From A Chronological Outline of the History of Bristol, and the Stranger’s Guide Through Its Streets and Neighbourhood by John Evans 1824

The Key-Pipe.
The water brought to this point of delivery rises in a withy-bed north-eastward of the Orphan-Asylum, lying between the high land of Ashley Court and the mill-stream that flows from the Boiling Well situated more remotely on the same level towards Stoke–House. In this withy bed are two wells, which overflow into the leaden cistern of a conduit house. Hence the water runs in pipes of lead along the north bank of the mill stream to Lower Ashley House; there it turns under the bed of the brook and crosses the fields south-westward, to a small house, (mentioned in the Perambulation of 1373) at the entrance of a hamlet, erected on the bank of the river Froom within the last thirty years, called Botany Bay. From this conduit or second head, technically termed by plumbers, a horse, the pipe crosses under the turnpike road leading from Ashley Place &c to Baptist-Mills, into Driver’s Fields (so named from a former Keeper of the gaol of Newgate, who held a farm there.) passing close to the White Horse Inn, through the Horse-Fair, over Bridewell Bridge (on which are two branches for supply of the prison and keeper’s house) under Bridewell-lane, the north side of Nelson street to the sugar-house where it turns across to the pavement flanking St. John’s Church, and so onward through Quay-Street, to the final cistern; whence the water is drawn by two cocks, from which, on account of its superior purity, the casks of nearly all the shipping of the port have been filled.

This plan shows the well head near the Railway Tavern but there is no record of a Pub here, though there was the South Wales Railway Tavern in St Werburghs, now “The Farm”. Curious!

sturge-plan-2

In this picture you can just about see someone collecting water from the Quay Pipe on the extreme left of the picture at the foot of the building. This suggests the apparatus is that on display in the Bristol Water museum at Blagdon, pictured above.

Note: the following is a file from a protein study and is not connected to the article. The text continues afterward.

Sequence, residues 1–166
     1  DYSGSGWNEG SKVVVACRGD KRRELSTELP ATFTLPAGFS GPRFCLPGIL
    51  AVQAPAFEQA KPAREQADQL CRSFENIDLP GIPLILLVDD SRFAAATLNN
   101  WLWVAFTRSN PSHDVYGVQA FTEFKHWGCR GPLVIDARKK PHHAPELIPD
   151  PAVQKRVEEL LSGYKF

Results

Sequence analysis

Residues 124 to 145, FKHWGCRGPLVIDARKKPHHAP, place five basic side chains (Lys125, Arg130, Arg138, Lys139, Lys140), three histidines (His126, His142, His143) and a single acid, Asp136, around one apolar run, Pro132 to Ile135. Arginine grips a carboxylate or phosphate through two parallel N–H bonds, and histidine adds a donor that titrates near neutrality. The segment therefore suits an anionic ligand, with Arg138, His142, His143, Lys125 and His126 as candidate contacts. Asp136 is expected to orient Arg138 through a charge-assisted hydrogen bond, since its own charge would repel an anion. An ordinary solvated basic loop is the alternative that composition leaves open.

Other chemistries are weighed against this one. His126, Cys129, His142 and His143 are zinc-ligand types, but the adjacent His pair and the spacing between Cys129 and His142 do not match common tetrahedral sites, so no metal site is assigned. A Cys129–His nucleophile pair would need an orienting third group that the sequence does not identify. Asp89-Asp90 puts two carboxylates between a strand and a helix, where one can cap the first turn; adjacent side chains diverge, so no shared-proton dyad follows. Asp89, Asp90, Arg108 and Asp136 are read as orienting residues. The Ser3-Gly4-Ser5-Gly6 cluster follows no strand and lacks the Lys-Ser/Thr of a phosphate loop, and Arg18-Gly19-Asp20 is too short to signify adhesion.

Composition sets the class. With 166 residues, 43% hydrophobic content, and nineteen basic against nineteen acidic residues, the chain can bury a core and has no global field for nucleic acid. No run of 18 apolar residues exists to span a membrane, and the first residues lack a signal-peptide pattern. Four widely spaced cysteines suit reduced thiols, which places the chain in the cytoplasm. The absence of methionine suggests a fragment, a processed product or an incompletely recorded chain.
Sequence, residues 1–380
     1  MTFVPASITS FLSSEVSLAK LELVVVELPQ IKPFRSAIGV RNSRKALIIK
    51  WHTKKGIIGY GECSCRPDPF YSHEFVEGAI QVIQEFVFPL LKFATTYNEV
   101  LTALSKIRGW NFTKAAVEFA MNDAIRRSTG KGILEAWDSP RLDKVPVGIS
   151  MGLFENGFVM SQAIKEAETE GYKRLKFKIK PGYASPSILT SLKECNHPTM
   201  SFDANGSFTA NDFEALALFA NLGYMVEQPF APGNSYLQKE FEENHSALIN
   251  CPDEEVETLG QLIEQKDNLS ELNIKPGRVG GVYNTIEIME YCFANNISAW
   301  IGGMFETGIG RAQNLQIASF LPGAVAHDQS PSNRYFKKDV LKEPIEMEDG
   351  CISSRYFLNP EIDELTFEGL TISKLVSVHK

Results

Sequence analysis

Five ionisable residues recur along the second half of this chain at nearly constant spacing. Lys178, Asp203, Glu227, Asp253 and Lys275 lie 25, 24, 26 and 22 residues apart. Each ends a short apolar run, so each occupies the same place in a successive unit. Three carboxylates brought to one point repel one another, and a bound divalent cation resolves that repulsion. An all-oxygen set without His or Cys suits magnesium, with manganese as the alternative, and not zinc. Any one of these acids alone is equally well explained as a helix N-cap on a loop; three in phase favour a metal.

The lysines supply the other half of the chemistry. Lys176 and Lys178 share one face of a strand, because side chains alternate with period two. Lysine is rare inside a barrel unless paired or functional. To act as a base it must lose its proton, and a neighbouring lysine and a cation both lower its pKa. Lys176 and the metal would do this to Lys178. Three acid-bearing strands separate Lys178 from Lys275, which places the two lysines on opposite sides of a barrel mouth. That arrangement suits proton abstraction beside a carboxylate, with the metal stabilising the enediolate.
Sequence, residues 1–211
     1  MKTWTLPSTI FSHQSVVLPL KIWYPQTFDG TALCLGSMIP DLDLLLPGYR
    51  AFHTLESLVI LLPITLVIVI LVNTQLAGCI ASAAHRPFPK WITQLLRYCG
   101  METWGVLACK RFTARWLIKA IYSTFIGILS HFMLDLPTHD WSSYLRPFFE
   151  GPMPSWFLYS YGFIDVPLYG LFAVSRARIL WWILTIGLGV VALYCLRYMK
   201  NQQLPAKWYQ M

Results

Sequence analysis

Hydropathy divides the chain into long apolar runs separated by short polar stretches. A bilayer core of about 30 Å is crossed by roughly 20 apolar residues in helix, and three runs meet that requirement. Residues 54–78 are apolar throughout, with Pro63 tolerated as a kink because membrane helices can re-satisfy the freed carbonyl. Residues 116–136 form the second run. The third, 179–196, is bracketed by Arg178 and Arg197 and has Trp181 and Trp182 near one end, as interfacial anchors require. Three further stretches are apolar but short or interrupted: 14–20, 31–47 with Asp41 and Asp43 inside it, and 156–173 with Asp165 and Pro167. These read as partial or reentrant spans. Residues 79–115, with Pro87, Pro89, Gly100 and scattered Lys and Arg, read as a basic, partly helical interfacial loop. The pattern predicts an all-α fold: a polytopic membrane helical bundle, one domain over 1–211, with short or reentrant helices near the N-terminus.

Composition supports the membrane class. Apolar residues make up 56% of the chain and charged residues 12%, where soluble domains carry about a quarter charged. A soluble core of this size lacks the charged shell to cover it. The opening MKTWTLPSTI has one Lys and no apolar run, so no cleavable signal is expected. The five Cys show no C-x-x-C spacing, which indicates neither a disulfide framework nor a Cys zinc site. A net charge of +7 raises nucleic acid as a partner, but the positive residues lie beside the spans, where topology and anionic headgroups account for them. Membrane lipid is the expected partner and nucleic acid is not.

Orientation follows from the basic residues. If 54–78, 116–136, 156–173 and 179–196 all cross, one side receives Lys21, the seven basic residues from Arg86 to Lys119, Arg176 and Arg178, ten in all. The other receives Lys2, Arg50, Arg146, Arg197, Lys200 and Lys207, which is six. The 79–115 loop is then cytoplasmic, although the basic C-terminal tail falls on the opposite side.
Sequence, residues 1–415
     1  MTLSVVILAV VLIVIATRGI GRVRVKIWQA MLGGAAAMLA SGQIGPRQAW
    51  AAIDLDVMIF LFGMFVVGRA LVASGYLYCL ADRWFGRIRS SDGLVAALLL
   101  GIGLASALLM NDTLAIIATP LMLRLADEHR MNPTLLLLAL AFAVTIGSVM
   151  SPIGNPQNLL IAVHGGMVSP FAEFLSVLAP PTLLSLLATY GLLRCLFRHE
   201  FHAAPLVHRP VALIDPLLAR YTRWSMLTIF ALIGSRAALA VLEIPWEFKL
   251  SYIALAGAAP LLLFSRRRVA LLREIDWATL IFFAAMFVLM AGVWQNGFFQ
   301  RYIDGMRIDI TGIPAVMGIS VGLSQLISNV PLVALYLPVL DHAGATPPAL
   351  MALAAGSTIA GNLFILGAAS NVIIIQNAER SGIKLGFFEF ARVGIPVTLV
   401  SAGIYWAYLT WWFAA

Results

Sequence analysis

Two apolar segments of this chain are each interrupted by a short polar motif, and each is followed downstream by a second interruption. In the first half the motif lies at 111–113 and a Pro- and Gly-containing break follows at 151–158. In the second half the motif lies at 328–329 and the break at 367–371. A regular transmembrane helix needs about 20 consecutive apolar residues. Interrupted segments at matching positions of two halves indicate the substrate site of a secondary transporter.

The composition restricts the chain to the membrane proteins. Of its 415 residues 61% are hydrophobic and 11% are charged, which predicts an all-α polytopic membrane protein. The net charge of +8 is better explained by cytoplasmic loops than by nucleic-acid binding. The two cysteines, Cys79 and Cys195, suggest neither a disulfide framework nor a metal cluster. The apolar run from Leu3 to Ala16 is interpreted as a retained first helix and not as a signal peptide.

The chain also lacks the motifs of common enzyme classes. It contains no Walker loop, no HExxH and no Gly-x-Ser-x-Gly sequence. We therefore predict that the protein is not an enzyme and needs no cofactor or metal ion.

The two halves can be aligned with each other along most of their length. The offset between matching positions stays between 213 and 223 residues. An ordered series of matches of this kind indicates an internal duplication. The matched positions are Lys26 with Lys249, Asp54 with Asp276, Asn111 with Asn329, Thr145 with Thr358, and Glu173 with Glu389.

1826-collecting-water-from-the-quay-pipe_3

Rowbotham, View from the Stone Bridge, Head of the Quay 1826
Courtesy of Bristol City Museum.

The City Conduits and Wine

As in some of the other conduits, the water in the Quay Pipe was substituted for wine to celebrate.

1660
In the civic audit-book of the year is the following entry dated May 10th: ” Charges for putting the wine in the Key Pipe at the proclaiming of the King, 4s.10d.” This is the only known record as to the date of the ceremony.
Ref: The annals of Bristol in the seventeenth century, John Latimer

1685
Once again as James II ascended the throne the coronation of the new sovereigns, in April, was celebrated with great rejoicing. Salutes were fired from 114 great guns in the Marsh. Two hogsheads of claret (costing 11 5s.) ” Caused the four conduits to run with wine.” ……. James, Duke of York, succeeded his brother the late King, and “was proclaimed in Bristol by Giles Merrick, the Sheriff, the trumpets sounding; and every place in Bristol, where he was proclaimed was hung with scarlet. He was proclaimed by the name of James II on Sunday 18 Feb 1684-5, and was by order again proclaimed on Monday following. April 23, he and his Queen Mary were crowned at Westminster with very great splendor ; and the day was kept in Bristol with all signs of joy and gladness. All shops were shut up; the Mayor and the Council and the companies in right order went to the College; 52 great guns were three times fired, beside many guns in many ships at the Key. The conduits ran with wine very plentifully, and the evening ended with bonefires &c. The bells all over the city rang for joy, even the tavern bells.”
Ref: The annals of Bristol in the seventeenth century, John Latimer

1697
Peace concluded at Ryswick Oct. 29, proclaimed at the High Cross, St. Peter’s and Temple Cross, St. Thomas and the Quay Pipes. The conduits were set running with wine. There was a great display of colours on the shipping, and on the tops of houses of the principal citizens, but very few of the churches had colours on their towers and steeples.
Ref: The Annals of Bristol in the Eighteenth Century, John Latimer

1702
The accession of Queen Anne was proclaimed early in March 1702, with the ceremonies customary on such occasions. The disbursements of the Corporation amounted to £21, about £7 of which was ” for wine drunk at the Raven “; £2 for ” wine at the Bull,” and £6 for ” wine that the constables drunk.” Her Majesty was crowned on the 23rd April, amidst much popular rejoicing;

And for a certain time the conduits, decorated with garlands, ran wine for the delectation of such of the mob as could get at them.
Ref: The Annals of Bristol in the Eighteenth Century, John Latimer

1820
The death of George III occurred on the 29th January. The proclamation of his successor took place five days afterwards, and as no such event had occurred within the memory of nineteen-twentieths of the population, it excited some interest.   A procession was then formed, the mayor (Mr. W. Fripp, junr.) and sheriffs taking their places in “a splendid cai*, carried by twenty-four men,” and proclamation was made at the customary sites. At three of these – St. Peter’s pump, St. Thomas’s conduit, and the Quay pipe – a hogshead of wine was distributed to the populace, and four hogsheads of porter were given away at other places. Altogether, the Corporation spent £279 over the ceremony.